Two Key Insights for a Stronger MBA Admission Essay

A few years ago, Megan Lynam Overbay, then Director of Admissions at Duke University’s Fuqua School of Business, revealed some of the challenges her team faced when selecting candidates at the top-tier North Carolina school. Specifically, she confessed on a Fuqua-sponsored blog that her department had been struggling to find satisfactory essay prompts, ones to showcase effectively their candidates’ uniqueness. While grade point averages and GMAT scores provide an objective assessment of an applicant, essays are far more subjective. Overbay states explicitly that, for Duke, the essay serves as a stopgap measure, a piece that “will fill any gaps in the application, tie the application’s story together, and shed light on what truly makes the person who they are—beyond what is stated in the resume, test scores, and transcripts.” This is essay as color commentary. But as Overbay reflects on her time as Director and considers what the Admissions Department was getting for the most part, one senses a trace of disappointment: “Despite our best intentions, it can be difficult to convey what we are seeking through our essay questions, and we sometimes receive submissions that are regurgitations of information found elsewhere in the application, overly manufactured versions of what applicants think we want to hear, or in some cases, plagiarism of content found online.” This is an extraordinary concession for such a person to make, especially if we read between the lines a bit. The implication is that Overbay and her team were failing, failing in too many cases to get meaningful essays from their candidates. As is often the case, bad prompts generate poor (even plagiarized) writing....

Resources For Your Discipline

The first thing you must do if you are looking to improve your writing, even before you start establishing goals, is ask yourself how much time you have to dedicate to the task. And be honest and realistic with yourself. Are you looking to improve your writing just enough so that you can get into the best business school possible with no intentions of working to better yourself after that? Are you looking to improve your writing because your boss has demanded it with threat of punishment? Are you interested in improving your writing over the course of many years because you have ambitions of writing a memoir? In each of the above examples, there is motivation to improve. What each of the above questions attempts to stress is not that writing should be the most enjoyable thing in your life (this is perhaps what some teachers in your past may have stressed); rather, that there is a connection between writing and time. In general, the more time you can commit to writing, the more improvement you will see. This is why quick fix solutions tend not to work. Writing is a skill that takes time to acquire. This is the simple truth. In addition to the practicing and reading that I talked about last time, there are a few things you can do to take an active approach to your writing discipline. The challenge for many of us is that we may be working with gaps in knowledge, or, worse, incorrect information that we picked up somewhere along the way in our education. Combine this with a lack...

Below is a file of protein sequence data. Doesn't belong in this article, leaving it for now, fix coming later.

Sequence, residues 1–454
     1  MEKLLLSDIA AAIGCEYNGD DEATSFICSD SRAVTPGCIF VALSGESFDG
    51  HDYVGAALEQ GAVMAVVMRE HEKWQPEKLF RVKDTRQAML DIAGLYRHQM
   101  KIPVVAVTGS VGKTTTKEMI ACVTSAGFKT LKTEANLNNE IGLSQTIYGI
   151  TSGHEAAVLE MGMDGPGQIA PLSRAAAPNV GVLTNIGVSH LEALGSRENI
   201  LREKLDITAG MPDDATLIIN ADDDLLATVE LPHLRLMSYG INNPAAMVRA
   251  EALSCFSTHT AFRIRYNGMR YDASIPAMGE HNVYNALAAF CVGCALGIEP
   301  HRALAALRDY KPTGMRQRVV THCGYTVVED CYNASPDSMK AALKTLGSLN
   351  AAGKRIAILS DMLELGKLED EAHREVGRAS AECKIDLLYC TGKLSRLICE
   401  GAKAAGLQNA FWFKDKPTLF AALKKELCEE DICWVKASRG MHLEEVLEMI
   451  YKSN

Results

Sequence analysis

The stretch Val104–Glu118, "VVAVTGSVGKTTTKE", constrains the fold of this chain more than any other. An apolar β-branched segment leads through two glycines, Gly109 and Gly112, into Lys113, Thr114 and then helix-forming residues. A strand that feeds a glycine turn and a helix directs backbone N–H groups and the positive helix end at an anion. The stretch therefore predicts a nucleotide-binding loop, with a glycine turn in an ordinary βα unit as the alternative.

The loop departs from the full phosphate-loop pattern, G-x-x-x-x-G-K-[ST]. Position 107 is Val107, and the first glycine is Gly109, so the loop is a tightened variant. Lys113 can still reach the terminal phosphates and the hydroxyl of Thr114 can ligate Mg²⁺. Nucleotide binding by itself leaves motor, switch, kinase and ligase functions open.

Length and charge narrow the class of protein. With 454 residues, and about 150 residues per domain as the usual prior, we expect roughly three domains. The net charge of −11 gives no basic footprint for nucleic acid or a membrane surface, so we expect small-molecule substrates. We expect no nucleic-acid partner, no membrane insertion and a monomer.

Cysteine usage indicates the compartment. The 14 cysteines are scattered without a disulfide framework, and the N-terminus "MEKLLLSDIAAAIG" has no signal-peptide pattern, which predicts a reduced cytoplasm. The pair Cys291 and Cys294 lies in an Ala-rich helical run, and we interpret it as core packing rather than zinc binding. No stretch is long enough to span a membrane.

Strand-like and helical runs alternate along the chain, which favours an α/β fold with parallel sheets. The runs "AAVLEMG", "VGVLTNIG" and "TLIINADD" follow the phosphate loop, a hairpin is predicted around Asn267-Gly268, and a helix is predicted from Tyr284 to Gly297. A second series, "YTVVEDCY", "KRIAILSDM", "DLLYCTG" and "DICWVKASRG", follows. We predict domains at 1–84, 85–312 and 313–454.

Don’t be Lazy!

Business leaders constantly decry the quality of writing in the workplace. Most of the time, comments are directed towards the education system and its failure to produce a young working class who can write competently. The blame game is a nasty one indeed. What I’m interested in here is how we present ourselves formally in writing and more specific, the reason for our mistakes. While the rules of grammar and punctuation may have loosened up over the last century, mistakes still exist. If an error is made in writing, it can often be unclear as to whether the writer is ignorant of the grammar or is just being lazy with respect to its application. To further compound the problem, some writers may have been taught poorly when they were students. Perhaps they were given incorrect examples of what constitutes a participle, for example. They’re neither ignorant nor lazy, then, but there is a problem nevertheless. These writers, if there writing is to prosper, must be willing to unlearn what they have been taught and then learn correctly. This requires considerable effort. The fact of the matter is that you simply cannot afford to be present yourself as a lazy writer, even you are willing to acknowledge that laziness marked your approach to writing at some point in the past. You must start by developing a discipline when addressing the practice, even if it’s only for fifteen minutes. Chances are you bring discipline to something else in your life: a sport, a musical instrument, exercise, cooking, work. The trick is to begin translating some of this focus to writing. Not...